I’m speaking of the human kind, not the paper or digital variety.
Yesterday I posted a letter that Pastor John sent to Dianne and me just after Paul was born, where he sent a specific word of hope to us and also a call to the church to embrace this little boy as a gift.
On Tuesday I mentioned the long-term care given to us of meals, both those prepared and those underwritten by gift cards.
Today, one of the outcomes of Pastor John’s persistent call to Bethlehem to ‘run toward need rather than comfort.’
On October 12, 2004, Dianne received a diagnosis of cancer. On October 15, 2004, she was told that the cancer had already spread from her breast to her bones in her back and ribs. It was Stage IV disease – there is no Stage V. She had to enter immediate, intensive, and frequent treatment that would leave her very weak and sick for months.
Unlike 1995 when we ran from the church, this time we ran to the church. Immediately, elders gathered to pray for all of us (which will be the subject of a future post), and the broad, international networks of prayer warriors was engaged.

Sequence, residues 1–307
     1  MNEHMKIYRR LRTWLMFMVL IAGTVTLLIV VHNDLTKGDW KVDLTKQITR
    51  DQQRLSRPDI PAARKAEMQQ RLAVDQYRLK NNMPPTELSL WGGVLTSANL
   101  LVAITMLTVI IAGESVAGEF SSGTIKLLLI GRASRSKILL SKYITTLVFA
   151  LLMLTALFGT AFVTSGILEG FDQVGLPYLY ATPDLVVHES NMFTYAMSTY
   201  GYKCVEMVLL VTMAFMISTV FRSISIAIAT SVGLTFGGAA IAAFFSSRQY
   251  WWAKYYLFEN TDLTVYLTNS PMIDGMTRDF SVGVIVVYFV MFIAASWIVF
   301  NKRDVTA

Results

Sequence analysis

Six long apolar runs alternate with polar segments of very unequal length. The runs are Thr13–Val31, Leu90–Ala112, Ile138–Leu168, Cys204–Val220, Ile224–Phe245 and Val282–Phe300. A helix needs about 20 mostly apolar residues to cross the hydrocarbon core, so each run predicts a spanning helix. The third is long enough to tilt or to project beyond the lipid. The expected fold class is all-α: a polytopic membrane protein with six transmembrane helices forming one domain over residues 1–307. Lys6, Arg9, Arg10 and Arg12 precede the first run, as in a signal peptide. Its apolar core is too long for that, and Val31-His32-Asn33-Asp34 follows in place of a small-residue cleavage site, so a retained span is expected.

Two women, neither did I know before Dianne’s diagnosis of cancer, stepped forward at church to say they would help organize the meals (and I’m not sure how many other things as well). This was not like a small group (which was also in flux for us as our best friends and small group leaders had just left for the mission field), this was inviting complete strangers into our lives at a moment of crisis. Would we sacrifice a facade of independence and competence to allow people to really help us?
I’m so glad that we did! These two women did more than ‘help’ with meals, they did everything.
Three times a week somebody would show up at our front door, nearly always at the same time of day. Sometimes we knew them; often times we did not.
The greatest gift these two sent-from-God organizers did was remove one more thing we needed to manage in the midst of our chaos. We didn’t need to answer phone calls or emails about those meals, and we didn’t need to worry if or when something was coming. And they respected family boundaries – never did my wife or I feel disrespected. Always did we feel cared for in a very profound way.
Week after week. For nine months.
They were our Philippian friends that Paul writes about in Philippians 4:14: Yet it was kind of you to share my trouble.
I was certainly humbled by this extraordinary generosity. I also understood that they were serving in the strength that God provides, and that God never grows tired of meeting our needs, no matter what they are.
Then, one day, Dianne felt well enough to resume her role as manager of the house, and the meals stopped. This was also a grace, their respecting that the woman of the house wanted to resume her role, and encouraging her in it.
God did that for us. His provision is remarkable, and I believe them when they said it was a blessing to serve us in this way. I am grateful to God he made us desperate enough to accept this level of help as an example of how he meets our needs.